On May 11, 1970, Henry “Dickie” Marrow, a 23-year-old ex-Army man, was killed by three white men in his hometown of Oxford, North Carolina. Although the Civil Rights movement and its hard-fought battles in the South had already claimed a number of lives —Emmett Till in 1955; Medgar Evers in 1963; Denise McNair, Cynthia Wesley, Carole Robertson, and Addie Mae Collins in 1963; James Chaney, Andrew Goodman, and Michael Schwerner in 1964; Martin Luther King Jr. in 1968 — and the Civil Rights Act of 1964 had outlawed segregation, both integration and black power had come slow to Granville County. But in the early summer of 1970, black nationalism and an economic boycott of the separate-but-equal Jim Crow South finally arrived in Oxford, following Marrow’s brutal killing and the killers’ trial, where they were found not guilty by an all-white jury.
That’s the ostensible plot of the based-on-a-true-story Blood Done Sign My Name, screenwriter Jeb Stuart’s second directorial effort, following the 1997 thriller Switchback. Like other cinematic treatments of the Civil Rights era, such as Mississippi Burning and Ghosts of Mississippi, Blood certainly has its heart in the right place. It is unapologetically sincere, its tone more than anything wanting to educate viewers how the murder of “Dickie” Marrow (played by Sanford in what amounts to a bit part) transformed the African-Americans in the region, particularly a young man by the name of Ben Chavis (Parker), who left Oxford for college but came back to teach at the local all-black high school. Something about the movie’s narrative, though, feels a tad meandering and preening.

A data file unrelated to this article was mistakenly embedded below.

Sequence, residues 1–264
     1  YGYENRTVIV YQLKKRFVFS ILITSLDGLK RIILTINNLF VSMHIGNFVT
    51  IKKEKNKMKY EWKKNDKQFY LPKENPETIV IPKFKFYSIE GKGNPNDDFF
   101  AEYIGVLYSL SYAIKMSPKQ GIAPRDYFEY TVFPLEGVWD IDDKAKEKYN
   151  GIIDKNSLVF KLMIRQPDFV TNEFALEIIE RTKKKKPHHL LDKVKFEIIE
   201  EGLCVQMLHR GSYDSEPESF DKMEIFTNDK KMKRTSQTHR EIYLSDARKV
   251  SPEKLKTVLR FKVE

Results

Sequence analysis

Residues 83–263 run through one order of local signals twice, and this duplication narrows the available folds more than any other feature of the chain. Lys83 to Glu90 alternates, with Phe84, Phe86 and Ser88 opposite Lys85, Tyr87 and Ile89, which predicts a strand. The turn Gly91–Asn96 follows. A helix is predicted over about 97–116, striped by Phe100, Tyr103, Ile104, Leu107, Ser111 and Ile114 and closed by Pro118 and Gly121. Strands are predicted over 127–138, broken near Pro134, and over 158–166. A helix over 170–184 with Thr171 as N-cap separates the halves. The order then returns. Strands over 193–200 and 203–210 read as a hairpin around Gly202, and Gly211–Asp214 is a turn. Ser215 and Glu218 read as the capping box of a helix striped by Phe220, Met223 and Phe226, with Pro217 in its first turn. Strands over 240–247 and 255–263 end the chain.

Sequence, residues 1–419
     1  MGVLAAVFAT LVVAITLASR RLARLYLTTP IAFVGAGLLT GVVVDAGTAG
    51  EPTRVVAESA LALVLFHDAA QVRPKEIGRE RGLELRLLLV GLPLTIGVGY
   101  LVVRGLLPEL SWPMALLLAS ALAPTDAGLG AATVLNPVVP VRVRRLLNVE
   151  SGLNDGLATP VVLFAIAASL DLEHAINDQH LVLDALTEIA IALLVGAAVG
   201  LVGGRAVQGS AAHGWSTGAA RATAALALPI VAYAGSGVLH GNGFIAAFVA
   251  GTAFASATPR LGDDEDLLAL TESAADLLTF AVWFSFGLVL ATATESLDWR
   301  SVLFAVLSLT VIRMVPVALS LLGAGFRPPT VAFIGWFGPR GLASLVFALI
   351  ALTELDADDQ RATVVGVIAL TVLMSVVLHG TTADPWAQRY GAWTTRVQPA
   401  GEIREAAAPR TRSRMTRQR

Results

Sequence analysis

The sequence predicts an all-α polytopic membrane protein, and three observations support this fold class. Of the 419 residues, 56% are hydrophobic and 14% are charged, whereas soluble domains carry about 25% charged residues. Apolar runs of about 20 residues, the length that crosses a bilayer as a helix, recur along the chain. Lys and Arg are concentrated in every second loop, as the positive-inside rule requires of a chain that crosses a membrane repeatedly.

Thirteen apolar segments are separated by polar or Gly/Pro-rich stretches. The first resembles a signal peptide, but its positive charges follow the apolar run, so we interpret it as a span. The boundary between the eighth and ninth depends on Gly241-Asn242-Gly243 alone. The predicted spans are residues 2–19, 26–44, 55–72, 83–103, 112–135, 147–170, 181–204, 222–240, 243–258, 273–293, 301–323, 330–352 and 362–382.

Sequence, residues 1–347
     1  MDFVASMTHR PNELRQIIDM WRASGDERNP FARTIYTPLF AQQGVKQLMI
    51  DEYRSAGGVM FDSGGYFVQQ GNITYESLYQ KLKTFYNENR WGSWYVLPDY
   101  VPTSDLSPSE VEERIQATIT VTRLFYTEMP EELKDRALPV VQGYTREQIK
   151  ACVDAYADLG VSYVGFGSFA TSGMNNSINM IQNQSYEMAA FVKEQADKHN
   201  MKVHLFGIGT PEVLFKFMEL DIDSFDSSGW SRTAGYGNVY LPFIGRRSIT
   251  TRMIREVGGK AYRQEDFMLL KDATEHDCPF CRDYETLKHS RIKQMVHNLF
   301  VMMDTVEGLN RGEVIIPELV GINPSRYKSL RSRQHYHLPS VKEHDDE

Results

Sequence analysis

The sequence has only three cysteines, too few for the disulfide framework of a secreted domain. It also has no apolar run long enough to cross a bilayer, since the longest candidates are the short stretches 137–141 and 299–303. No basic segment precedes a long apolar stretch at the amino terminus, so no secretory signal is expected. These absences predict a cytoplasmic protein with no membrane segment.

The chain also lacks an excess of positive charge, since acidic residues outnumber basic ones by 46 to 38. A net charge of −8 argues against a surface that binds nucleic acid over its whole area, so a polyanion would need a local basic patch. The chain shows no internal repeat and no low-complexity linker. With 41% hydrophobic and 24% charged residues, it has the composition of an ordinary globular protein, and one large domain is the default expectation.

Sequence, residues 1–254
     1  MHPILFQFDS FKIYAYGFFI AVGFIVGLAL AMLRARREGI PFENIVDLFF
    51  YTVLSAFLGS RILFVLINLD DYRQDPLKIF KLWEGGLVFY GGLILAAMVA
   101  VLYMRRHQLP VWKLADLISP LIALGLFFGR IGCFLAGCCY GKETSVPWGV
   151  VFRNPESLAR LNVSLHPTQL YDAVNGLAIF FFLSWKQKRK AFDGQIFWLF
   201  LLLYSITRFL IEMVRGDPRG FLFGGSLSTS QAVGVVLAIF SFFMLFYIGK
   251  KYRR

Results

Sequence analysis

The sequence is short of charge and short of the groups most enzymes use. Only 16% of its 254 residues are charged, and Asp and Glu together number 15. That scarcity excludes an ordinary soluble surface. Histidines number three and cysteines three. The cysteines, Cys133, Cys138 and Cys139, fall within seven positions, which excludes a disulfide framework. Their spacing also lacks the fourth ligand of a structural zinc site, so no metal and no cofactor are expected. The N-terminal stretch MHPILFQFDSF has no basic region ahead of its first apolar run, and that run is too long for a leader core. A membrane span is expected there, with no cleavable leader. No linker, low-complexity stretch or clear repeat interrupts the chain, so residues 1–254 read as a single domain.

That’s no doubt due to its source, the autobiographical memoir-qua-history book of the same name written by Timothy Tyson, currently a Visiting Professor of American Christianity and Southern Culture at Duke University. Tyson was the youngest son (Griffith) of Vernon Tyson (Schroeder), the new Methodist minister at Oxford’s white church. Vernon is a progressive man of the cloth, a man willing to stand up for what he believes — such as inviting Oxford’s black preacher to speak — even if it means ostracizing himself and his family in the process.
That’s one plotline Blood traces; the other follows Ben Chavis as he coalesces into a community figure and leader. He reopens his grandfather’s old food drive-in, he campaigns to get the basketball rims reinstalled in the city park (which were taken down to keep African-Americans out of the white neighborhood), and he tries to educate his students about the opportunities in the world outside their small hamlet. Among these plot threads Marrow’s murder is but a tipping point, the event that catalyzes the changes that both Vernon and Ben have been telling their congregation and classroom, respectively, is coming. After Marrow’s murder, Blood becomes a fairly conventional courtroom drama.
And that familiarity is the biggest problem with the movie. The story of Marrow’s murder demands cinematic exploration, but every filmmaking decision turns it into a prepackaged message movie, and only rarely does it throw something different into the mix. One example: Tim stands idly by while some other white boys denigrate some African-American boys with a racial epithet. Vernon doesn’t sit Tim down for a talk; instead, he takes Tim and his older brother into the woods to spy on a Klan rally, which really takes scared straight to some next-level shit. Also excellent is character actor Afemo Omilami, who plays the great agitator Golden Frinks with a charismatic glee that belongs in a much more intelligent and militant movie.
And that’s what’s so disappointing about Blood’s overall attitude. It approaches social justice as if it’s Brussels sprouts, something force-fed for your own good. The thing is, the people whose lives were affected by the events dramatized here impart that vision with an unassailable purpose. The fictionalized movie is curiously bookended by what look like documentary interviews with contemporary Oxford residents talking about Marrow’s murder, and these brief scenes carry more emotional weight than the intervening film itself. •